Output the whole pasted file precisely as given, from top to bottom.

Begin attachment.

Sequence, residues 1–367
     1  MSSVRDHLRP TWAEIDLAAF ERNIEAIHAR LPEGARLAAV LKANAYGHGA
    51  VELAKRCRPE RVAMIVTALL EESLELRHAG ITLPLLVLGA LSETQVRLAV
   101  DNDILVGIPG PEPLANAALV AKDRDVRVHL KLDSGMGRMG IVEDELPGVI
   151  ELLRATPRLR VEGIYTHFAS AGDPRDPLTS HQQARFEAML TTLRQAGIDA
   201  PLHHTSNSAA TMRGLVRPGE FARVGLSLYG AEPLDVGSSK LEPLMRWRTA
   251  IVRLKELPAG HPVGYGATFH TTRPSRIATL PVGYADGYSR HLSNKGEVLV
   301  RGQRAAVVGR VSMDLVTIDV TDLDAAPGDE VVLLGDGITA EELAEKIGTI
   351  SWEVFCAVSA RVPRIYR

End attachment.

Sequence, residues 1–367
     1  MSSVRDHLRP TWAEIDLAAF ERNIEAIHAR LPEGARLAAV LKANAYGHGA
    51  VELAKRCRPE RVAMIVTALL EESLELRHAG ITLPLLVLGA LSETQVRLAV
   101  DNDILVGIPG PEPLANAALV AKDRDVRVHL KLDSGMGRMG IVEDELPGVI
   151  ELLRATPRLR VEGIYTHFAS AGDPRDPLTS HQQARFEAML TTLRQAGIDA
   201  PLHHTSNSAA TMRGLVRPGE FARVGLSLYG AEPLDVGSSK LEPLMRWRTA
   251  IVRLKELPAG HPVGYGATFH TTRPSRIATL PVGYADGYSR HLSNKGEVLV
   301  RGQRAAVVGR VSMDLVTIDV TDLDAAPGDE VVLLGDGITA EELAEKIGTI
   351  SWEVFCAVSA RVPRIYR